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Nowhere Is Safe

December 2, 2010

I’ve seen Harry Potter and the Deathly Hallows three times: twice in theaters, once on my laptop streaming this awful quality recording someone took during a show in a theater.

Here are some pics of friends and me at the premiere:

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I can’t get enough. I have been listening to ‘O Children’ on loop on my iPod ever since. I’ve started to re-read all the books. I sleep with my wand under my pillow for fear of another zombified Bathilda Bagshot or Bellatrix LeStrange coming into my dorm at night. I legitimately think I’m going crazy. Over Thanksgiving break, I played LEGO Harry Potter: Years 1-4 with my sisters every day (well, in between the ever exciting rounds of RISK i’d been asked to play). I finally watched A Very Potter Musical (I’m still working on the sequel). I don’t know what is happening to me. It’s like a wave of nostalgia and dorkiness washed over me and freed me from my bonds of normalcy and conformation. I’m really embarrassed to say this, but sometimes even now I like to pretend it is all real.

There goes half my readers…

I know I’m insane. I get it. But hear me out. I think I may have deducted reasons for this with the help of the strands of information I remember from helping my friend Stacy study for psychology:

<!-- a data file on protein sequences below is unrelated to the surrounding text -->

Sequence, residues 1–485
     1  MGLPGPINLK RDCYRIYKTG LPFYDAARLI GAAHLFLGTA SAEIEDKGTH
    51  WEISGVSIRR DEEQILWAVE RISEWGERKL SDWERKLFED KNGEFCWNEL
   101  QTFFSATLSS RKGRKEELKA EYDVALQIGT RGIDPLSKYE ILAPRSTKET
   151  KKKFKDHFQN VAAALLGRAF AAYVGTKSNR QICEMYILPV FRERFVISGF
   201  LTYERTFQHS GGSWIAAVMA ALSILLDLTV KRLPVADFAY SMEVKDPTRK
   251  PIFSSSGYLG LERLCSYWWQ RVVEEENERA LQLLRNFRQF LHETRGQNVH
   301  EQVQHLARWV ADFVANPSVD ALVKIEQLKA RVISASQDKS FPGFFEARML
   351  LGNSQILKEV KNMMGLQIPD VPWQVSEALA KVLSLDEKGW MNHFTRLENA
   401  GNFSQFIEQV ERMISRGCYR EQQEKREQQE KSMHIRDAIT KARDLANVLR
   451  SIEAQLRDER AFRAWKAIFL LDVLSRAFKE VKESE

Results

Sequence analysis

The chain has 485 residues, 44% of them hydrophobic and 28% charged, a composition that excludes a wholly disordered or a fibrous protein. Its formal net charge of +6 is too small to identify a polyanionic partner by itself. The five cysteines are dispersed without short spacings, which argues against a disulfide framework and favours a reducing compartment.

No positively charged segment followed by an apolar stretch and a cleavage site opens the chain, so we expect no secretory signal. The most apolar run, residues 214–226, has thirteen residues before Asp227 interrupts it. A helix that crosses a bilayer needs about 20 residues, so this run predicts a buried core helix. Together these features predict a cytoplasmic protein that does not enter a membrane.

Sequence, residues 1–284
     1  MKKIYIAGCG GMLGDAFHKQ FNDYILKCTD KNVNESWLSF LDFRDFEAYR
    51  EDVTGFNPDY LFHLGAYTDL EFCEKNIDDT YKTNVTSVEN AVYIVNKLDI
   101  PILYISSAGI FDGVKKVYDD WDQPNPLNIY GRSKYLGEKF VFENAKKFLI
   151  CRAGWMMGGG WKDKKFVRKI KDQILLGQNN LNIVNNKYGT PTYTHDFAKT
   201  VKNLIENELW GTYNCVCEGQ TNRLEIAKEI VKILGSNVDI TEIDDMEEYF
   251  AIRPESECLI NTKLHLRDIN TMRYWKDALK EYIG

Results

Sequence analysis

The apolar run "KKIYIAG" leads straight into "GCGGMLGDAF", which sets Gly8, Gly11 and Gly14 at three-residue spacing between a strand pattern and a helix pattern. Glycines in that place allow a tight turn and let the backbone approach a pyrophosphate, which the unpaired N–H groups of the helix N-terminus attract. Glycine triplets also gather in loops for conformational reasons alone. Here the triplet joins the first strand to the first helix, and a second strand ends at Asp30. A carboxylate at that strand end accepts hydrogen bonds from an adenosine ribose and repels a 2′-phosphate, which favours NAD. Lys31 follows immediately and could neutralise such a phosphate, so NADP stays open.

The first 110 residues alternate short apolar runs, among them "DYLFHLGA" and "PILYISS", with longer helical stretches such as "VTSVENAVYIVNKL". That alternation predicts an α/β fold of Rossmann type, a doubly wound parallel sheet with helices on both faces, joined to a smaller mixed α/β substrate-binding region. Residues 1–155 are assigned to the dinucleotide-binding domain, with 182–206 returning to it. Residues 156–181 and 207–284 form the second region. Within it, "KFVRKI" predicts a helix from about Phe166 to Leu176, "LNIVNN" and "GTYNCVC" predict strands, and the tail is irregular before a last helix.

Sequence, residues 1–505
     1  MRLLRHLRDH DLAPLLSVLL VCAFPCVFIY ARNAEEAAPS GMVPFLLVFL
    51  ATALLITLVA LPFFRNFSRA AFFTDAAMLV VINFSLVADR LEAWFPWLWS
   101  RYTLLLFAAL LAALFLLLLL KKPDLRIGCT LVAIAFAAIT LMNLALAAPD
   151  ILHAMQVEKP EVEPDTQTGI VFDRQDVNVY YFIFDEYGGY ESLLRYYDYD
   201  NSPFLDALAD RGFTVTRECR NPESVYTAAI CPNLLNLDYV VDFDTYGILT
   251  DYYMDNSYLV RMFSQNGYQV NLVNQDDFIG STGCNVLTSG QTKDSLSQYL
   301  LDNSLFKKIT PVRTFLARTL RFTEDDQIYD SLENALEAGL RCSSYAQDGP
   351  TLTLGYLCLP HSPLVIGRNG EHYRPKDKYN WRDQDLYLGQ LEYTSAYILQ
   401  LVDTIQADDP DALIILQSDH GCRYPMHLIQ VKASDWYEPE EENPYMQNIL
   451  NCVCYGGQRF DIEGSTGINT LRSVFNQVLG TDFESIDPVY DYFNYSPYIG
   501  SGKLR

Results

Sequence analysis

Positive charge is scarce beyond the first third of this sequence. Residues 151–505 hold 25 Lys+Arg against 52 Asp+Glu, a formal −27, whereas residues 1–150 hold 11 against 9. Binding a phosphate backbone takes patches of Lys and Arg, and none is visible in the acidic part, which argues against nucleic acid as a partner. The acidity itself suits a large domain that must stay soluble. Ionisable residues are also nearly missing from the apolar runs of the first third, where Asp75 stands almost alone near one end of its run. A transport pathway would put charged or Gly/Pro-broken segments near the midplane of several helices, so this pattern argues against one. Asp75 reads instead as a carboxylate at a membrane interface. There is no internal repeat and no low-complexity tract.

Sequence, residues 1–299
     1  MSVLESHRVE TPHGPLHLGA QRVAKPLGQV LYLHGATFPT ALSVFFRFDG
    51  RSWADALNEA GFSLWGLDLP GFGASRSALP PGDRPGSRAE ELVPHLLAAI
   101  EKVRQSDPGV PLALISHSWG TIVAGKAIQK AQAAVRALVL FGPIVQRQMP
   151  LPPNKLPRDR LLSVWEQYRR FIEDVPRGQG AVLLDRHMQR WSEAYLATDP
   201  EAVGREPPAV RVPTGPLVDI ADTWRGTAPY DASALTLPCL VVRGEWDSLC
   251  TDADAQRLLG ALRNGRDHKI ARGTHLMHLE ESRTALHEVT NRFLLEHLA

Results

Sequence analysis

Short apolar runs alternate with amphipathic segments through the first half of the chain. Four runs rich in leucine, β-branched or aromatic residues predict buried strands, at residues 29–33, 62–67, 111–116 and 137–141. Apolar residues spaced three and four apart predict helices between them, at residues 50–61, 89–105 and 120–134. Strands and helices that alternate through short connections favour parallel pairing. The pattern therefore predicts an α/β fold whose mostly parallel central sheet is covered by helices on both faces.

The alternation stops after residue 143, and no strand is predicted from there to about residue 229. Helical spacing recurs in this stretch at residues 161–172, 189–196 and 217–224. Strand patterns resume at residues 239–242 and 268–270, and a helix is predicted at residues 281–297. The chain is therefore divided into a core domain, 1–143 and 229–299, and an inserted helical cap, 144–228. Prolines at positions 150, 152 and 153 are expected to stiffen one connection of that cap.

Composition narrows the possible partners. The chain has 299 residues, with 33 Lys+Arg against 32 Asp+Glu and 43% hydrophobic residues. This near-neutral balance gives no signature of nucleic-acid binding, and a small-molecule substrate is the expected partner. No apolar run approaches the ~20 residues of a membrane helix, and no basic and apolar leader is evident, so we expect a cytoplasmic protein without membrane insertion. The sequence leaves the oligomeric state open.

1. Lots of stress – – I think I remember her studying this thing where when people undergo a lot of stress, they retreat into a much less stressful and happier place. I guess since it is finals, I’m stressed to do well, and the timing of this movie opened the door into that less stressful and happier place in my life when I was a Pott-Head
  2. *Note: when making a list, have more than one thing to list…

I’ll take number one as my reason for this, as piecemeal as it may be. It sure makes sense. I’d rather be running from Death Eaters, embarking on epic adventures than to be studying for finals. And being sick and miserable just adds into the escape-effect it has on me. And the books had a major cultural impact, even before the movies. As my friend put it, J.K. Rowling taught our generation to read. So the memory aspect holds a lot of weight within the pleasant-escapes feel. Also, When the movies first came out, I was the same age as the characters, so in a way I grew up with the characters, thus I have anxiety over the fact that their story is over, paralleling into my own fear of closing the book on my childhood and having to be a real live functioning adult.

In summary: I’m crazy and need medication.

I guess you knew that already though.


One Comment leave one →
  1. Calli permalink
    December 5, 2010 10:01 pm

    This is great. I love how you use Harry Potter as an “escape,” because it means that I’m not alone. Haha.

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